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Basil Duke Research Notes

 Collection
Identifier: MS-0456

  • Staff Only

This collection consists of handwritten research notes and a piece by Basil Dukes titled Where Andrew Johnson's Mother was Buried.The author recollects the story told to him by a close friend of Andrew Johnson's, describing the cemetery plots belonging to the Johnson family.

Dates

  • undated

Language

The material in this collection is in English.

Conditions Governing Access

Collections are stored offsite, and a minimum of 2 business days are needed to retrieve these items for use. Researchers interested in consulting any of the collections are advised to contact Special Collections.

Conditions Governing Use

The copyright interests in this collection remain with the creator. For more information, contact the Special Collections Library.

Extent

0.1 Linear Feet

Abstract

This collection consists of handwritten research notes by Basil Dukes and a piece titled Where Andrew Johnson's Mother was Buried.

Biographical/Historical Note

No biographical information found on Basil Duke.

Andrew Johnson was born December 29, 1808; Andrew Johnson began his political career in Greeneville, TN. After serving as both alderman and mayor of Greeneville, Johnson successfully ran for a seat in the lower house of the state legislature in 1835. After serving three terms in the state Senate, Johnson moved to the United States House of Representatives, where he served for ten years, 1843-1853. He also served as Governor of Tennessee from 1853-1857. In the fall of 1857, he was chosen as a United States Senator.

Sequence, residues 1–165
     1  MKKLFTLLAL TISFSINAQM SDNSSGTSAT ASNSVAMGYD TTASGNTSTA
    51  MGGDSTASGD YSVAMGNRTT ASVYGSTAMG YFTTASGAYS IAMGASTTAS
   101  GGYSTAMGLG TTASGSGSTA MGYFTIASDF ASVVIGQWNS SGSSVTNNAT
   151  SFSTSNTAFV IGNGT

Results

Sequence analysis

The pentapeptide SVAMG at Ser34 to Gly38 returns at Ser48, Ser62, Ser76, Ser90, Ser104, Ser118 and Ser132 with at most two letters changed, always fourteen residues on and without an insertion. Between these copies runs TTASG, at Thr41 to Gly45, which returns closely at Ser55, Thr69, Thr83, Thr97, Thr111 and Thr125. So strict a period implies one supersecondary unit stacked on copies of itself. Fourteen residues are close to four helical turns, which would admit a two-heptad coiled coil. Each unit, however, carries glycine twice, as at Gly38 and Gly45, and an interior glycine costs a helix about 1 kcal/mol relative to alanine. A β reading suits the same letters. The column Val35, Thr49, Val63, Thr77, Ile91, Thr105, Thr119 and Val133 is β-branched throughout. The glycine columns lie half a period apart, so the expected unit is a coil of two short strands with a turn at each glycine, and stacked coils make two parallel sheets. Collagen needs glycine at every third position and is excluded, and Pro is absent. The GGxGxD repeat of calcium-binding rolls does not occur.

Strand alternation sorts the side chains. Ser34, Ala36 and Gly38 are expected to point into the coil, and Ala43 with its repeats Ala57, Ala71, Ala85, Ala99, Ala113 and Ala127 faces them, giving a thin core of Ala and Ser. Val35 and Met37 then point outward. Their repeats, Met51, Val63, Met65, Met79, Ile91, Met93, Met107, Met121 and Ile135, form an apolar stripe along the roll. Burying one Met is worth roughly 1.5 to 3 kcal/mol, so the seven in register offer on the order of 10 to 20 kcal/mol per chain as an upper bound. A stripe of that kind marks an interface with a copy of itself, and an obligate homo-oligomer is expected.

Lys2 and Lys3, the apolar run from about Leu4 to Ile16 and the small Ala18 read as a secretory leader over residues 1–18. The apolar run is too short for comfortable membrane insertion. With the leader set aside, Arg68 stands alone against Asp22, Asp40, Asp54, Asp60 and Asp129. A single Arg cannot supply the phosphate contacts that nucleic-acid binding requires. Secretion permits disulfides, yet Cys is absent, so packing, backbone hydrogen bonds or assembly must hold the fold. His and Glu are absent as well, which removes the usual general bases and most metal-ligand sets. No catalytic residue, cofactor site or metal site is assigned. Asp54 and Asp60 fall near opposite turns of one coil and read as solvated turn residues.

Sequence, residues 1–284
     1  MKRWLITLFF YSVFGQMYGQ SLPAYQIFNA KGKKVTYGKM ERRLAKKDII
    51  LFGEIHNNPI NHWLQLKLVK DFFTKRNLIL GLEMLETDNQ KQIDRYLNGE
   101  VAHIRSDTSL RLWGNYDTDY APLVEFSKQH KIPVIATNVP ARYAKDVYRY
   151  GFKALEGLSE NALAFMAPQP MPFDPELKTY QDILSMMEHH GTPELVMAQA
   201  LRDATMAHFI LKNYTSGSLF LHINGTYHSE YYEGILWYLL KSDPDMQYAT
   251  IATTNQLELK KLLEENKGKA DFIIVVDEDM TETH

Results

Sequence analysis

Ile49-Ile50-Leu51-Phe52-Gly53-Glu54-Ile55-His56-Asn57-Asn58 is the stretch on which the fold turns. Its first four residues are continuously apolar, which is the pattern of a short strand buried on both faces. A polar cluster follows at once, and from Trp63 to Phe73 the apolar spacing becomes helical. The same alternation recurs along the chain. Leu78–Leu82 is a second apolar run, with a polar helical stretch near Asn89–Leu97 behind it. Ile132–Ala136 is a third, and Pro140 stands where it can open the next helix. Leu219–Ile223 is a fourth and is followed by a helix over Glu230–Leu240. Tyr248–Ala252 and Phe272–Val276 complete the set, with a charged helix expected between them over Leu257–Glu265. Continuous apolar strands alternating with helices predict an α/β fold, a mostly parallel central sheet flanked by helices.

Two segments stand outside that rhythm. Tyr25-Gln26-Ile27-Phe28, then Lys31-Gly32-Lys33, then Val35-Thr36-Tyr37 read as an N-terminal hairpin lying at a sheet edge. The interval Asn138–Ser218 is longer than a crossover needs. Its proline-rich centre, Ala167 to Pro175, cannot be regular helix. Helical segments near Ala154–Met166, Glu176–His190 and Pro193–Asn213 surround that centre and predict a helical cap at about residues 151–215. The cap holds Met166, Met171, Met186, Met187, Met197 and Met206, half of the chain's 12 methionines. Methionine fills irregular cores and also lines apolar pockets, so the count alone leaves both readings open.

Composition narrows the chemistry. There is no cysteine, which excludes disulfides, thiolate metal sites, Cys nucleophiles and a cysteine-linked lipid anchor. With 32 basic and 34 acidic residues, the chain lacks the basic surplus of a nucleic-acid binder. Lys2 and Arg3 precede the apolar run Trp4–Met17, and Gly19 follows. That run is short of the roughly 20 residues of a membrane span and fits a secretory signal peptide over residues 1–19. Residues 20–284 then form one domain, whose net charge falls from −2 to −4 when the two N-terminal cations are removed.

After the Federal capture of Forts Henry and Donelson and the occupation of Nashville in February 1862, however, President Lincoln sent Johnson back to Tennessee to serve as military governor, a position in which he was charged to restore civil government and bring the state back to the Union. In 1864, the Republicans nominated Johnson as Lincoln's running mate because of his staunch Unionism as a War Democrat. After Lincoln's assassination on April 14, 1865, Johnson was sworn in as the seventeenth President of the United States.

Johnson faced the difficult task of reconstructing the nation in the wake of the Civil War as he assumed the presidency. Johnson and Congress clashed over control of Reconstruction, and in 1868, the House Republicans in Congress impeached Johnson, the first president to face impeachment. Johnson's presidency was spared by a single vote in the Senate.

Following his tumultuous presidency, Johnson returned to Greeneville, eager for vindication. In 1874, he became the first former President of the United States to win a seat in the United States Senate. However, four months after taking his seat in the Senate, Johnson suffered a stroke and died on July 31, 1875. He was buried wrapped in a American flag with his head resting on a copy of the Constitution.

Acquisition Note

This collection was donated to Special Collections by C.W. Lyon circa 1960.

Repository Details

Part of the Betsey B. Creekmore Special Collections and University Archives, University of Tennessee, Knoxville Repository

Contact:
University of Tennessee, Knoxville
Knoxville TN 37996 USA
865-974-4480